Chaos is a Ladder: A Critical Look at Competitive Hearthstone

By Matt Thrower 07 Sep 2017 2

Blizzard's ambitions for Hearthstone now seem to include redefining the English language itself. We understand the word "ladder" to mean different things: a climbing aid and a game ranking. But the Hearthstone ladder wants to try and be both at once. To climb Blizzard's digital ladder above the first few rungs, you need to sweat like you're climbing the real thing.

In most other competitive game ladders you can both climb and descend, depending on your progress. In Hearthstone, though, whatever height you reach at the end of a season, Blizzard will push you off. They halve the stars you've collected. Unless you're on the very bottom rungs, this is catastrophic. For mid-table players it means starting just above the murk at the bottom where newbies cut their teeth because you can't lose ranks. For high ranking players it's even worse; Although they begin further up, the bar of more and more stars to pass each rank means they lose a vast amount of effort at a stroke.

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You may think that this seems harsh... that's because it is. There is only a single saving grace: bonus stars. If you can win three consecutive games, you get a bonus. If you can maintain that win streak you keep the bonus for each additional win. In theory this allows you to ladder fast if you win a lot. In practice, it's a crap-shoot. If you play nine games and win six your overall gain can be anywhere between three and nine stars depending on how the wins got spaced. Given how often you can lose based on random effects or card draw the availability of those bonuses is capricious in the extreme. It is, again, worse at the top because above rank 5 you no longer get any bonus stars.

This setup is bad for the game in two main ways: First, it makes fast aggro decks popular for speed alone, even though they result in frustrating games. Second, it leaves that sizeable bracket of dedicated but not-quite-pro players in the middle of nowhere, unable to climb into the top ranks. These players are the backbone of the game's community, but the ladder keeps them in an impossible, immovable limbo. The demands of ranking are such that the ladder isn't just a test of skill, it's a test of time and endurance as well.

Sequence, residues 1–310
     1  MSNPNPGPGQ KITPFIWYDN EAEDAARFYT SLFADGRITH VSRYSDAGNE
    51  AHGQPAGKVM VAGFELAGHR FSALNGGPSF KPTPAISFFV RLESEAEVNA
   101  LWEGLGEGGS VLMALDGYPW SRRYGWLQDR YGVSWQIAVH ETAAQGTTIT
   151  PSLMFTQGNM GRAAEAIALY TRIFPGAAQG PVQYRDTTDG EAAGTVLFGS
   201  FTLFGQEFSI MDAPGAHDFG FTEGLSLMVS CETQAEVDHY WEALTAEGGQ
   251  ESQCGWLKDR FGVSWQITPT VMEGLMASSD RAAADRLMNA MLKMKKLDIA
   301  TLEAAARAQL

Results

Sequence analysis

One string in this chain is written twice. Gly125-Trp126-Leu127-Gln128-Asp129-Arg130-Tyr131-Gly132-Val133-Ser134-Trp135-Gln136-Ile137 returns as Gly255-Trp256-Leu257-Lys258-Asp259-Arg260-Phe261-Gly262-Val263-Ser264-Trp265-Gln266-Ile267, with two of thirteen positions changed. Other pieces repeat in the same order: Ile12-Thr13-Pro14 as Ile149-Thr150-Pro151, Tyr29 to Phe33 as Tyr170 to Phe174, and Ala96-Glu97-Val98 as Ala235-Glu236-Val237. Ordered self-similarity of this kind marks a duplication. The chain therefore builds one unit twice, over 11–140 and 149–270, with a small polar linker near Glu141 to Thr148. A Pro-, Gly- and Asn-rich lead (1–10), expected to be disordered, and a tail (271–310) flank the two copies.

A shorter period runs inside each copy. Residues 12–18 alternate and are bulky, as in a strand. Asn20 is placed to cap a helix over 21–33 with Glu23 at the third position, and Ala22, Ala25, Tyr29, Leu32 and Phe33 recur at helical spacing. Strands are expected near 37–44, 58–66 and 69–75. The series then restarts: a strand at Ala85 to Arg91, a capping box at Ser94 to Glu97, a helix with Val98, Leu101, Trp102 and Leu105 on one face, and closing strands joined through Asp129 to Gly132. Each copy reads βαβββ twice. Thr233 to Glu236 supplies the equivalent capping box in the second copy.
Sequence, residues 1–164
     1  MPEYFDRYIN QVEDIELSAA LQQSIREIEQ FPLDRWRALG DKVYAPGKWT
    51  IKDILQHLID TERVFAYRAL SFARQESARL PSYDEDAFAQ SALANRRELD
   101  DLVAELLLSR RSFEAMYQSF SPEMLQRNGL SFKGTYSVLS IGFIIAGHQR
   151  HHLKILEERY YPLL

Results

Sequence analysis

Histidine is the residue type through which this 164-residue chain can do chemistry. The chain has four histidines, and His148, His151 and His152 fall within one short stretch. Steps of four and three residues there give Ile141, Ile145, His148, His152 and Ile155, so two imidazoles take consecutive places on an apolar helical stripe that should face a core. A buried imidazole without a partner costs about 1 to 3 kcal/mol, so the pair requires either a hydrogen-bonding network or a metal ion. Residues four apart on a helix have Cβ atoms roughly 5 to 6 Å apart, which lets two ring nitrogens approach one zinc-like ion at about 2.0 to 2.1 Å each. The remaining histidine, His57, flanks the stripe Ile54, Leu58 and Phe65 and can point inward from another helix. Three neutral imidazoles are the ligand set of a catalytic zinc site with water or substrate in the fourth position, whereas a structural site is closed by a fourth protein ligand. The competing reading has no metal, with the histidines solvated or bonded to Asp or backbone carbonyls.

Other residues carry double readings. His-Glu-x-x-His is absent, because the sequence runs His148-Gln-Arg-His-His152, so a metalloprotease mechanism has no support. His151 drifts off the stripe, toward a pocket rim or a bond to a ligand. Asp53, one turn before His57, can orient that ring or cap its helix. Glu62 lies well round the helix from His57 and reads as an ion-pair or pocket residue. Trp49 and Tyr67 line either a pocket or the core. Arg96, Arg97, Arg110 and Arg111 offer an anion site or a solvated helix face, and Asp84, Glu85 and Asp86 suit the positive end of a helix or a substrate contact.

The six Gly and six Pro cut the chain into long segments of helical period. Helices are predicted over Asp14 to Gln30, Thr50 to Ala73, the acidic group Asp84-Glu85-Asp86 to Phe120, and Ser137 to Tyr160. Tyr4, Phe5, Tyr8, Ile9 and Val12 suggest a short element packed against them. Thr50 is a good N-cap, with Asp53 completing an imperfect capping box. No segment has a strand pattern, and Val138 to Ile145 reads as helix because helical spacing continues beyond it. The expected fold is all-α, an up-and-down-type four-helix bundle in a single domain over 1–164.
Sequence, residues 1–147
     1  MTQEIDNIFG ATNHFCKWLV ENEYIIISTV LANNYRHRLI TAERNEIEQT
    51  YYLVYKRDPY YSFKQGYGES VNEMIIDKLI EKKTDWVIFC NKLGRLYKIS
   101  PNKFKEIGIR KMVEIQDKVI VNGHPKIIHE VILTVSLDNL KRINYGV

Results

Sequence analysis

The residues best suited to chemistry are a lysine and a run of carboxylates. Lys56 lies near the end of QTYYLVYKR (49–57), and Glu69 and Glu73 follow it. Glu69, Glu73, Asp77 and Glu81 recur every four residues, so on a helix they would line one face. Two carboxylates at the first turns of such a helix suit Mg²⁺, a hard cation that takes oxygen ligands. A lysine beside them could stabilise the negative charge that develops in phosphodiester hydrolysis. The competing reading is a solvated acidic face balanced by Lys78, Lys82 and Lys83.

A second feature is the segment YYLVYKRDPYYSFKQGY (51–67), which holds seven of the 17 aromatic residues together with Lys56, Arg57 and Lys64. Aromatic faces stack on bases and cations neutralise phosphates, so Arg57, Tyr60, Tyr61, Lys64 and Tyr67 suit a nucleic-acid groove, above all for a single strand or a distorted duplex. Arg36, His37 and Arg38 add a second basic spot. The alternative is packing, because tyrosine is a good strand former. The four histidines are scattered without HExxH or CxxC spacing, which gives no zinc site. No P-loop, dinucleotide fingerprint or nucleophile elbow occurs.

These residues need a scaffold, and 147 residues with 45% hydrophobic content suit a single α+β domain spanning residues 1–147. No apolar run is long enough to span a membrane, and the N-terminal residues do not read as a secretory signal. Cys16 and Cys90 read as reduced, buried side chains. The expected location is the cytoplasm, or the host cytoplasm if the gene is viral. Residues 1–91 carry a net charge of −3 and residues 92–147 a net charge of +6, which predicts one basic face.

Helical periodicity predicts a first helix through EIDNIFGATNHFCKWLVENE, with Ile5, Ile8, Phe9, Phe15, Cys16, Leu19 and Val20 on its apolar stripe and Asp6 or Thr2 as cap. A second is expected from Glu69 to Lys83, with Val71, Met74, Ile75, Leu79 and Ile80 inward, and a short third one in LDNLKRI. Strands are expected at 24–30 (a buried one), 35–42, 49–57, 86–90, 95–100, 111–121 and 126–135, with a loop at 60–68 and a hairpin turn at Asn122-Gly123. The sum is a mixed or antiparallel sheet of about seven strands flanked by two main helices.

Consider: due to the bonus stars from a win streak, it's actually possible to climb while winning less than half your games. It's hard work, and it takes a long time, but it's possible. Thus, at the lower ranks the ladder actually favours effort over expertise. If you persevere you will succeed, no matter how bad you are. A worthy moral message in many ways, but not one calculated to reward people working to improving their strategic skills.

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Pro players give varying estimates of the hours it takes to reach and maintain a spot in the top five ranks. The exact numbers depend on the sorts of decks they favour and the speed of the meta. Essentially, however, most play for several hours each and every day as a bare minimum. The demands are such that they're incompatible with you doing much else with your life other than working and playing Hearthstone.

The label of "pro" player means, of course, that in theory they can earn a living playing the game. And a few dozen people do make very handsome returns indeed. There's big money prizes at the top tournaments. Plus most of them earn extra from streaming. But if you can't make the prize places, your income is much less lucrative and that makes it a high risk profession to say the least.

Getting there is thus doubly risky. To stand a chance of getting tournament invites you've got to make it to top, to Legend rank. To do that, as we've seen, you've got to play to the exclusion of all else. Very few people are lucky enough to have the time and the resources to even attempt that. It's essentially impossible unless you have both.

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Blizzard could fix this situation with relative ease, with the most obvious route being to take less stars away from players. You need some sort of reset at the end of a season to mix things up, but it doesn't need to be as drastic as half your stars. If we're going to run with bonus stars for win streaks your first loss in a streak could end the bonuses rather than lose you a star. They could give out more stars for streaks, require less stars to increase in rank. There's a veritable Swiss army kit of tweaks that would help.

But nothing changes and neither do the ladder rankings of dedicated players. We know that the Hearthstone team are reticent to shake things up even at the best of times. It's hard, though, not to wonder if there might not be an ulterior motive at work... Esports work best as entertainment when the stable of professionals is, well, stable. It wants to build personalities fans can get behind. Given the nature of randomness in Hearthstone, providing your community with a consistent roster of top names/faces would be difficult unless you, say, designed your ladder system to deliberately make upward progress very difficult by kicking all but the most dedicated downwards at the end of every season. However harsh it would be on the bulk of the community, these kinds of barriers would help keep the money flowing by ensuring fan-favourites rarely get toppled from their digital thrones.

Do you engage in Hearthstone's ladder system? Do you have any thoughts on what it takes to maintain a position in the competitive scene? Let us know in the comments!

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